Senator MAGNUSON. How many people do you have now aboard? Mr. DONATY. We have, including commitments, due to be filled in the next 2 weeks, 1,398. Our ceiling is 1,410.
Mr. COHEN. And I should say that the vacancies largely stem from turnover within the past 2 or 3 months.
Senator MAGNUSON. I am talking about how many permanent positions you have available. 1,410?
Mr. DONATY. 1,410, yes, sir.
Senator MAGNUSON. And you are asking for 1,450?
Mr. DONATY. Yes, sir.
Senator MAGNUSON. In 1965 you had 1,462. And last year, 1,410. Mr. COHEN. Fifty-two positions abolished last year. In the previous year we lost about 6, and the year earlier about 13 positions.
ADDITIONAL MANPOWER-SECURITIES ACTS AMENDMENTS OF 1964
Mr. DONATY. We dropped down to 1,410 this year because we had to absorb certain recurring costs.
Senator MAGNUSON. Why is it you keep referring to the need for added manpower under the 1964 Act? Why wouldn't that appear last year, in 1965?
Mr. COHEN. Well, the way the statute was passed
Senator MAGNUSON. What was the effective date?
Mr. COHEN. It was passed in August, and various sections of it became effective at different times.
Senator MAGNUSON. Most of the impact occurred during the past year?
Mr. COHEN. A good deal of it began last year. It continues into next year. A great portion of it will be felt for the first time next year.
Senator MAGNUSON. However, it did not begin until last year?
Mr. COHEN. As you know, we had to start preparing for it. We had to start preparing rules, procedures, and various other things. In fact, we had to begin working on it just as soon as the Congress passed the legislation.
Senator MAGNUSON. Yes, I understand that.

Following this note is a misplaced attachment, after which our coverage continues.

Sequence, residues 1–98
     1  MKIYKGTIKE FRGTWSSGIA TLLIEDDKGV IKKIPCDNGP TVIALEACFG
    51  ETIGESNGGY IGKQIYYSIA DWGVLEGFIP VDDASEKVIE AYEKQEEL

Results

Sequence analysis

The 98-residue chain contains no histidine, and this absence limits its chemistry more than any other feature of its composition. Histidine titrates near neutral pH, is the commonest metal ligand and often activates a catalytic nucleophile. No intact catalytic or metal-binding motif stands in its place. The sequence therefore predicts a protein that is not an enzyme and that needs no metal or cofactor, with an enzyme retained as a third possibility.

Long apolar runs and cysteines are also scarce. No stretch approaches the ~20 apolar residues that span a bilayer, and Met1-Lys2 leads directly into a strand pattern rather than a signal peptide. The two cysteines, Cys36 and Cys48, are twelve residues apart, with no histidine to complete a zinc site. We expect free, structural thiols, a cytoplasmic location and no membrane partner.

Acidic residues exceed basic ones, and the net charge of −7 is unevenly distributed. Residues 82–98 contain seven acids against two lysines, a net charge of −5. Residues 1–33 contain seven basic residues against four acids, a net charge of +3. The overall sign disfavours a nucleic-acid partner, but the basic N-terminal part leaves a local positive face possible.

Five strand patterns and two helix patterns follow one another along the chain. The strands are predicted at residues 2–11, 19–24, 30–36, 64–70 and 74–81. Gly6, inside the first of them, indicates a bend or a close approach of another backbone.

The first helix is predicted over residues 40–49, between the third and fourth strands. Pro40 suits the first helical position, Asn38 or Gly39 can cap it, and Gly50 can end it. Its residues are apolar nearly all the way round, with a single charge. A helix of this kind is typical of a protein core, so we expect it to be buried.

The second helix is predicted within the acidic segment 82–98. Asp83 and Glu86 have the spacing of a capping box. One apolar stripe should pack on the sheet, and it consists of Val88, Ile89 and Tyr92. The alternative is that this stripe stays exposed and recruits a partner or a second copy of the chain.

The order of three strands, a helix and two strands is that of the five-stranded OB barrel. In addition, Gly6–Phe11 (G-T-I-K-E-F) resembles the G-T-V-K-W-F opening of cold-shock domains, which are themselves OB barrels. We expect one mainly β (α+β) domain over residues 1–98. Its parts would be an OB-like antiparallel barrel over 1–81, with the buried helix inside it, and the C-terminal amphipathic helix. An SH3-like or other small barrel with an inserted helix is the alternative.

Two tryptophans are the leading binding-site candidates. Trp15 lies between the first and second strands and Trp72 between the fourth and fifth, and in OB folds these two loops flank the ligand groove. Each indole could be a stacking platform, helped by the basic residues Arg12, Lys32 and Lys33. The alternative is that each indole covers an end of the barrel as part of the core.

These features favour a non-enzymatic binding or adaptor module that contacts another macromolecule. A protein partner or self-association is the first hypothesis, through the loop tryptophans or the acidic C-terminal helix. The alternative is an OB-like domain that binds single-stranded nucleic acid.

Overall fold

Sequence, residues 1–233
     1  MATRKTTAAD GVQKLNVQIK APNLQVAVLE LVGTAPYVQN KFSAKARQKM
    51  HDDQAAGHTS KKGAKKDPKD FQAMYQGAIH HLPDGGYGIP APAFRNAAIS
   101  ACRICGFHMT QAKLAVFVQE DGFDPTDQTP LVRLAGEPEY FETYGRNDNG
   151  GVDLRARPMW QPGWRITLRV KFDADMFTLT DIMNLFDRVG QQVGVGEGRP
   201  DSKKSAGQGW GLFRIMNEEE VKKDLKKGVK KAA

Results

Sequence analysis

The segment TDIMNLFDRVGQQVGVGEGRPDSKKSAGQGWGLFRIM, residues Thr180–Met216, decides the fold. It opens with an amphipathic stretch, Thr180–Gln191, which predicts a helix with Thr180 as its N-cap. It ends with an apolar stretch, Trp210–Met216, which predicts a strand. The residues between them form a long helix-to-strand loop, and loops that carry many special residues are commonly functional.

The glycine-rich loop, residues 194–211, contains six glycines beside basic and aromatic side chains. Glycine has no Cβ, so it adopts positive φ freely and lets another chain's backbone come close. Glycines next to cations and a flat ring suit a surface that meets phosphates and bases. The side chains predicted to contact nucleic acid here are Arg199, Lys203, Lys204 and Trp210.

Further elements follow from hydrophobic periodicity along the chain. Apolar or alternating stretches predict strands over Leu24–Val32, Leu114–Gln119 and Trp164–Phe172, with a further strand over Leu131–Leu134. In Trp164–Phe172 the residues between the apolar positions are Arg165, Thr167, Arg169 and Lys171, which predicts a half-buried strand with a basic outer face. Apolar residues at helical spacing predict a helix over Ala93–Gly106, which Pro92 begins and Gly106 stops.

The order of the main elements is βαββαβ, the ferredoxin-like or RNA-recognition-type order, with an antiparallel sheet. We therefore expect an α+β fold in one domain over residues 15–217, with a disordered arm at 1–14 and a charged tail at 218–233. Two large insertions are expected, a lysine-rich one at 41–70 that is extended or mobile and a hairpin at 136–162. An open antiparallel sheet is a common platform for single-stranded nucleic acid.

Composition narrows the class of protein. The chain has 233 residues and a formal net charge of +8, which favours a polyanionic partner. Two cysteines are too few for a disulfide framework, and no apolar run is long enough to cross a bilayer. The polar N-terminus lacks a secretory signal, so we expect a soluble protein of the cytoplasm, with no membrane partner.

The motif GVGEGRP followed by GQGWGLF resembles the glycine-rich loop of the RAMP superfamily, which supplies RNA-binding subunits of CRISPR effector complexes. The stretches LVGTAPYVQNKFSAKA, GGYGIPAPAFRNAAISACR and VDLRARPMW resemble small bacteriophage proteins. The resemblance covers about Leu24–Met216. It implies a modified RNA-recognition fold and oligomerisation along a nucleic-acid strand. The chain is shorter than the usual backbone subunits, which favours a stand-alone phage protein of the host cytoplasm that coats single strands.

What would these 40 people do?
Mr. COHEN. Largely they would be assigned to Mr. Worthy's division, the Division of Corporation Finance, to assist in the processing of the new filings and reports of the new companies including those companies that have never submitted information to us before.
Senator MAGNUSON. The ones you have no information on now, and bringing up to date a lot of them that only have preliminary or incomplete filings?
Mr. COHEN. Exactly. And also because of this great surge of activity in the markets, new issues, proxy statements, proxy contests, we have been falling behind on our regular processing of material, and backlogs, unfortunately, are approaching alarming proportions. These people will assist in reducing that to a reasonable level.
Senator MAGNUSON. How much further are you behind this year than you were last year in this regulatory lag?
Mr. COHEN. I don't think I have an exact percentage. But it is substantial.
Senator MAGNUSON. Place in the record the number of cases you are behind on this year, up to now, as compared to last year.
Mr. Cohen. All right.
COMPARATIVE STATEMENT OF CERTAIN SELECTED WORKLOAD ITEMS_FISCAL
YEARS 1965 AND 1966
Impact of new legislation in the Division of Corporation Finance
Examination of annual reports (form 10-K):